Monday, 1 August 2011

A Dangerous But Engaging Tour

My ego has not yet over-ruled my relative poverty and brought me to buy 'Cyclebabble' a book which collects blog postings about cycling.  I do wonder if I am in it.  Anyway, not in the search of glory, but simply because I enjoy the sport and for many reasons no longer cycle at all myself, I do enjoy commenting on the Tour De France, it is the only sporting event that I will watch religiously.  I suppose fans of football or tennis at Wimbledon find it difficult to understand why everyone does not love their events as passionately as they do and will extoll (I have found that version and 'extol' are both acceptable) the excitement of the event, I feel the same about the Tour De France which has so many different facets in terms of the different competitions within it, let alone the scenic backdrop that it takes place against, that I cannot understand why coverage of it is not watched by many millions.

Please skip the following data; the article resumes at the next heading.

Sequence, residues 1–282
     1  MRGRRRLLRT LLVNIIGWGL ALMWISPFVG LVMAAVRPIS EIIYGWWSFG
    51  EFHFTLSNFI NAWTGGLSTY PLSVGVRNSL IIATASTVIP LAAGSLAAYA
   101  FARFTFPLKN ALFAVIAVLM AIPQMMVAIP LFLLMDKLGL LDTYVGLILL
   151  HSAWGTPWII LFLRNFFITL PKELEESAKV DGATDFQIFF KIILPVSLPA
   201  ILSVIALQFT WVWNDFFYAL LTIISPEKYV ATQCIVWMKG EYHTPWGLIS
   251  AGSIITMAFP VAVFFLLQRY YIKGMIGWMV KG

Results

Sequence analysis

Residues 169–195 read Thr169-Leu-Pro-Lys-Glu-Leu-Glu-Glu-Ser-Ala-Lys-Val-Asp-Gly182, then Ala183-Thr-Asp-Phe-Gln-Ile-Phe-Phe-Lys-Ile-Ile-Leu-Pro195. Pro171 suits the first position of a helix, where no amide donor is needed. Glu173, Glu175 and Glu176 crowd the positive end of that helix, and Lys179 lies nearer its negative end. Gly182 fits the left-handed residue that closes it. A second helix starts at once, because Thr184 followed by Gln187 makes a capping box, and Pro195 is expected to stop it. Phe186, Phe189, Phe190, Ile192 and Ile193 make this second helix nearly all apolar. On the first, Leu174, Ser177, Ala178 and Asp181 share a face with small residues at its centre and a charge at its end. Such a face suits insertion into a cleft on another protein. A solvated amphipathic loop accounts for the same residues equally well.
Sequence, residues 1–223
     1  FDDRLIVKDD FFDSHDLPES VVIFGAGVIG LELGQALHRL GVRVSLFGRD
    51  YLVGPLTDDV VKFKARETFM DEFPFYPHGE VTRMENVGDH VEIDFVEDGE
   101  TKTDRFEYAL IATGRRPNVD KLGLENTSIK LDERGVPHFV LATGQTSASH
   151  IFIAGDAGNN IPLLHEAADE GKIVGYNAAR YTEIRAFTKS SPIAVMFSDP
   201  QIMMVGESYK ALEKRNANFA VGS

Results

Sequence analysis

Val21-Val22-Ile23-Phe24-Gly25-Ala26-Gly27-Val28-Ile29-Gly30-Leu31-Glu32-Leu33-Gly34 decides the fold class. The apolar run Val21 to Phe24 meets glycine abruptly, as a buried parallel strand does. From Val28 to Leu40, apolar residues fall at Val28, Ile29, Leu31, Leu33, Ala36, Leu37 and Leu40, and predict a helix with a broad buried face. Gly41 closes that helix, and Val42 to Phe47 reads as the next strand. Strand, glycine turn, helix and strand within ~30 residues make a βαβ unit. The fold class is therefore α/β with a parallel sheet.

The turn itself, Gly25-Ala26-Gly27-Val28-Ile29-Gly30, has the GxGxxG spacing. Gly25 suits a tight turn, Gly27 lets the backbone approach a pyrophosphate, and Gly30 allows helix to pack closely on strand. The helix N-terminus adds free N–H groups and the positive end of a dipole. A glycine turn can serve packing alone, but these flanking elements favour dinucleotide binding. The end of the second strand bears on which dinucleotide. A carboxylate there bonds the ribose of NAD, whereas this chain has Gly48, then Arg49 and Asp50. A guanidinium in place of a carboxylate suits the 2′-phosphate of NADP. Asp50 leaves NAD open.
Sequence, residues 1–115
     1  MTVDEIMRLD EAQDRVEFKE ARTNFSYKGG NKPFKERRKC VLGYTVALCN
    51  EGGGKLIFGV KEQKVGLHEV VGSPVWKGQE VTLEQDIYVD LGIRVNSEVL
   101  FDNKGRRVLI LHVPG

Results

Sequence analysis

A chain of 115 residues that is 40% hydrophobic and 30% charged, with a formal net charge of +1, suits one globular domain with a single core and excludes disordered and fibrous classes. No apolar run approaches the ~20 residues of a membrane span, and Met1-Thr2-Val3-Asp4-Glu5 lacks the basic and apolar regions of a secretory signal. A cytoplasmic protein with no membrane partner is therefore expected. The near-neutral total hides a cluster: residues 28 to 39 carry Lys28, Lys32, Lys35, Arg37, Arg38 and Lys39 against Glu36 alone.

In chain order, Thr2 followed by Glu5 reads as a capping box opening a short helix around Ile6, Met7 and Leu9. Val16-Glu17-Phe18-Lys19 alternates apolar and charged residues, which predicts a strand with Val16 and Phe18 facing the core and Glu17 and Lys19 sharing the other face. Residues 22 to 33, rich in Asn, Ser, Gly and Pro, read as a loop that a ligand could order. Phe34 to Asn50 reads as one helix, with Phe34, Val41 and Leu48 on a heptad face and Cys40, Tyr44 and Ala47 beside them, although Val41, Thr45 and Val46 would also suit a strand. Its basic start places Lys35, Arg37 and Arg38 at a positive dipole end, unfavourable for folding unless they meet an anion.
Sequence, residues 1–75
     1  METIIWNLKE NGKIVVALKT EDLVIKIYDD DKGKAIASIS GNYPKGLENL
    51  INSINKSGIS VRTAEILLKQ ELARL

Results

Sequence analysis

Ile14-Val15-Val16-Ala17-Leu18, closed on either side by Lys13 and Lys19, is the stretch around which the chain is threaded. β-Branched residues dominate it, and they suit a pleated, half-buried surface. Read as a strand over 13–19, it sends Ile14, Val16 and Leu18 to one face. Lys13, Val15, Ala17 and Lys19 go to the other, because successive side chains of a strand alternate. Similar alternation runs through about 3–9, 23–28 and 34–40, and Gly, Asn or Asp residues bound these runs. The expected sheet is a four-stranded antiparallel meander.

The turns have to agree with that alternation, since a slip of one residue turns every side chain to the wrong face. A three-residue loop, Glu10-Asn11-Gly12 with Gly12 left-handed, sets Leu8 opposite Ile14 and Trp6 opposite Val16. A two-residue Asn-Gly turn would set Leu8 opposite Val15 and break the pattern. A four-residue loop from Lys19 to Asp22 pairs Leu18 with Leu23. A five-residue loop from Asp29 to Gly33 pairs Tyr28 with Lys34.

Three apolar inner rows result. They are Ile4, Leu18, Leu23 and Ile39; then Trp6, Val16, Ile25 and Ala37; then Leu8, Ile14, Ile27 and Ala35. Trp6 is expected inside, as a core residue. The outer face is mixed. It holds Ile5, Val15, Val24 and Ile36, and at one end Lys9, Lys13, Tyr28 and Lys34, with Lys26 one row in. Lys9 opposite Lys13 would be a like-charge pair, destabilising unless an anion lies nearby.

This year the British contribution has reak a new peak with the involvement of the clearly British team, Sky and the participation of Bradley Wiggins of Beijing Olympics fame and Mark Cavendish such a speedy cyclist in the right circumstances that his victories in the Tour De France even make the main bulletins (not simply the sports ones) on national radio.  That is excellent and even if British involvement never gets greater than this, then I will be satisfied.  However, I do rather feel a 'ceiling' has been broken through and whilst you may not see as many riders from the UK in the race as from France, Spain and Italy, you might see as many as come from Belgium, the Netherlands and Germany, and already we exceed Norway (though their two, Thor Hushovd and Edvald Boasson Hagen, have both been impressive this year: four stage victories between them.)  In fact with the first Australian to win the race and the first Briton to win the green jersey, there could be a feeling that the countries providing the victors are changing; the French have been suffering a dearth of victories for years, though there are some young riders who may shift that in the next five years.  Briton Mark Cavendish is rapidly climbing through the record tables with incredible consistency.  He has the grace to acknolwedge the strength of the team he has around him at HTC and it would be a challenge if he lost them or especially those who lead him out went in different directions.